By Ken Whyld
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Additional info for Les échecs en un week-end
As he pointed out in 1988, in the wake of his exchange with Searle, any careful reading of his texts would show ‘that in his work the value of truth (together with all the values that go with it) is never contested or destroyed, but only ever reinscribed in more powerful, more inclusive, more stratified contexts’ (L, 270; 146; translation modified). In much the same way, for instance, that the truth claims of Austin’s discourse were not undermined by the assertion that the criterion of truth or falsity was not pertinent for an analysis of performatives, so too it hardly followed from Derrida’s critique of the claim, going back to Plato, that the very essence of literature was to be mimetic, and was therefore necessarily dominated by the question of truth or untruth, that Derrida’s own analysis was an irrational exercise in postmodern fiction-making.
Derrida went so far as to suggest that if he were to venture (‘God forbid’, he added) a single definition of deconstruction, this would be it: a responsiveness to language transfer and transference, to the fact that there was, as he put it in French, plus d’une langue, meaning both more than one language and no more one language (MM, 38; 15). The singularity of idiom was inescapable, and could not be effaced, only ever affirmed. And it became an increasingly characteristic signature feature of Derrida’s own writing, in particular from the early to mid-1970s onwards, as he left behind some of the rhetorical norms of orthodox philosophical discourse, that he should exploit with virtuosity – to the despair of his translators – the many resources of French idiom and other languages, too.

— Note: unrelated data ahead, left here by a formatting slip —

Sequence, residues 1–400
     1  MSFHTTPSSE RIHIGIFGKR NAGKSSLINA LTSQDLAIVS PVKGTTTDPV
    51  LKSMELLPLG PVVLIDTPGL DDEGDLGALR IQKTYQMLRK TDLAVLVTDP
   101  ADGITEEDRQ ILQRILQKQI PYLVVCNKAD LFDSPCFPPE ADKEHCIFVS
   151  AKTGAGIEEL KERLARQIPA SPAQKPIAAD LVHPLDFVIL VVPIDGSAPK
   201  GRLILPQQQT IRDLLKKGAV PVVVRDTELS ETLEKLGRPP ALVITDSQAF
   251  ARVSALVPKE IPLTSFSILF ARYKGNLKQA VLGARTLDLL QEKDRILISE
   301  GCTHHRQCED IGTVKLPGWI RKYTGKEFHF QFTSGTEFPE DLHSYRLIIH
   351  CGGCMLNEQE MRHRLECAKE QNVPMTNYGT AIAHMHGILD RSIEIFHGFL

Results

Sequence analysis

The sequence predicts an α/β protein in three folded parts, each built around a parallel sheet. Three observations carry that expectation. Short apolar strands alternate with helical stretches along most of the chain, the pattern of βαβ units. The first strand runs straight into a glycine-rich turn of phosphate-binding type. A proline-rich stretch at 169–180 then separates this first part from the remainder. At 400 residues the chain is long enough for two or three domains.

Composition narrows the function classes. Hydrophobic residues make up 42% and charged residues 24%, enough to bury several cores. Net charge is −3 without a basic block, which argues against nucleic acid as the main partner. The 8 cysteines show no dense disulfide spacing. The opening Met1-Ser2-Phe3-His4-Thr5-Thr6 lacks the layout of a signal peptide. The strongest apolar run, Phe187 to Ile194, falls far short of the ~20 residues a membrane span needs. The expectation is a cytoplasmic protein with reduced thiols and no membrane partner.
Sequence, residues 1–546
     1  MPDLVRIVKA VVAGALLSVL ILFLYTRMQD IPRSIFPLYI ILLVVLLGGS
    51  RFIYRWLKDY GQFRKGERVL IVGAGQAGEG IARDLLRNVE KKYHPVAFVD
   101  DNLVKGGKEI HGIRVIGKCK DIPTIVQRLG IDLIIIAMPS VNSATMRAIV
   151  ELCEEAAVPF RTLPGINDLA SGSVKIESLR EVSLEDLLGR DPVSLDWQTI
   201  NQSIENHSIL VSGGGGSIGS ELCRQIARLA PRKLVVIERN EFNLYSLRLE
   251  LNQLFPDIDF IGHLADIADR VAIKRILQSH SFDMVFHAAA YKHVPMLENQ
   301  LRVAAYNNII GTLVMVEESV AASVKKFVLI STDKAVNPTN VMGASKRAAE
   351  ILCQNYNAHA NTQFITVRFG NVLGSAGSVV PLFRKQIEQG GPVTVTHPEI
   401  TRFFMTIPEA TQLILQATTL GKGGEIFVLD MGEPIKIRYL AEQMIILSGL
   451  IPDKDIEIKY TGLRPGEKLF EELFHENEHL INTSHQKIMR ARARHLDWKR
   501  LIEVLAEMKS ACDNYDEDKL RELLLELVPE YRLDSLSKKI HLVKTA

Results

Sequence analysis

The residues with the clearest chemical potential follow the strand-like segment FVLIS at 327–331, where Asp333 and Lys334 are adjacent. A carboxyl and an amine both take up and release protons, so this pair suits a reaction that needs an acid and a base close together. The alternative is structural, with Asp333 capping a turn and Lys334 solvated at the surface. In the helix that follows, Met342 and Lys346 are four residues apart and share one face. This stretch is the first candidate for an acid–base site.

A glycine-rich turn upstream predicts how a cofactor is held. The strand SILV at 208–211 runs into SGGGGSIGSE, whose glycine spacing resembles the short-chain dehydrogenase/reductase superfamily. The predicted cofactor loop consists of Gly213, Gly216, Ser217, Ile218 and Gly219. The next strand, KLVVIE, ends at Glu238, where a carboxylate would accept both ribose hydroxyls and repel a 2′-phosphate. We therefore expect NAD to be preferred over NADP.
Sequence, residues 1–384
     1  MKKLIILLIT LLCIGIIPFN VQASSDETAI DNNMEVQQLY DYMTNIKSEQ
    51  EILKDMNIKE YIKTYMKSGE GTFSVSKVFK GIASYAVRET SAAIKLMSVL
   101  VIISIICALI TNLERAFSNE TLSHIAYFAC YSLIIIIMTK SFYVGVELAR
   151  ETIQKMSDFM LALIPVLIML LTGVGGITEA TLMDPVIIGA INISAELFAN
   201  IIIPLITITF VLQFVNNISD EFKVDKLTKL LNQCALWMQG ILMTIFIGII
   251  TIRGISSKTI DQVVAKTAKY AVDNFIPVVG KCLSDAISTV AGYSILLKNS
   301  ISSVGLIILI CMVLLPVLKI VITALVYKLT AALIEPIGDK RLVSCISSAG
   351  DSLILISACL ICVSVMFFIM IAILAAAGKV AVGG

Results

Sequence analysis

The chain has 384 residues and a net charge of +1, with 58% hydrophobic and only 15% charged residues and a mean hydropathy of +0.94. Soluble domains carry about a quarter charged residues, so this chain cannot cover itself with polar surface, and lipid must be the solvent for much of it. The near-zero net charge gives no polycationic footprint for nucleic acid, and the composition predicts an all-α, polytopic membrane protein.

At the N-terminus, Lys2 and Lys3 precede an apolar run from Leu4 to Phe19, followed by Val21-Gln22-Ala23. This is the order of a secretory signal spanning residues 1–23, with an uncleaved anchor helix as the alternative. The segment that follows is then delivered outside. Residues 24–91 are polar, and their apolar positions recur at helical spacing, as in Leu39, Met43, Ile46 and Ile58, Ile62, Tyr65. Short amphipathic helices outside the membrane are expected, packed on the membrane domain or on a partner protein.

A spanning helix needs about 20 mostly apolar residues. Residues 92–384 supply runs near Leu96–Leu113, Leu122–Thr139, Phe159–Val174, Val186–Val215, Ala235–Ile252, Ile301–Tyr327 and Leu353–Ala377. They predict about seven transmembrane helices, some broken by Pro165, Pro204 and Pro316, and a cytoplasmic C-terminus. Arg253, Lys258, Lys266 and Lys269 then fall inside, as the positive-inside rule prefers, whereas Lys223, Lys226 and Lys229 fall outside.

Derrida’s paper is in four parts, and comprises a preamble and three main sections devoted in reverse order to each of the three terms given in the title. Like all good conference delegates, Derrida announces the purpose of his intervention early on: it is to demonstrate ‘why a context is never absolutely determinable or, better, in what way its determination is never assured or saturated’ (M, 369; 310). From this central proposition, Derrida adds, flow two important corollaries, namely that the standard, received concept of (linguistic or nonlinguistic) context, among others, is theoretically inadequate; and that it is necessary (as Derrida proposes in Of Grammatology) to effect both a generalisation and a displacement of the concept of writing (M, 369; 310–11).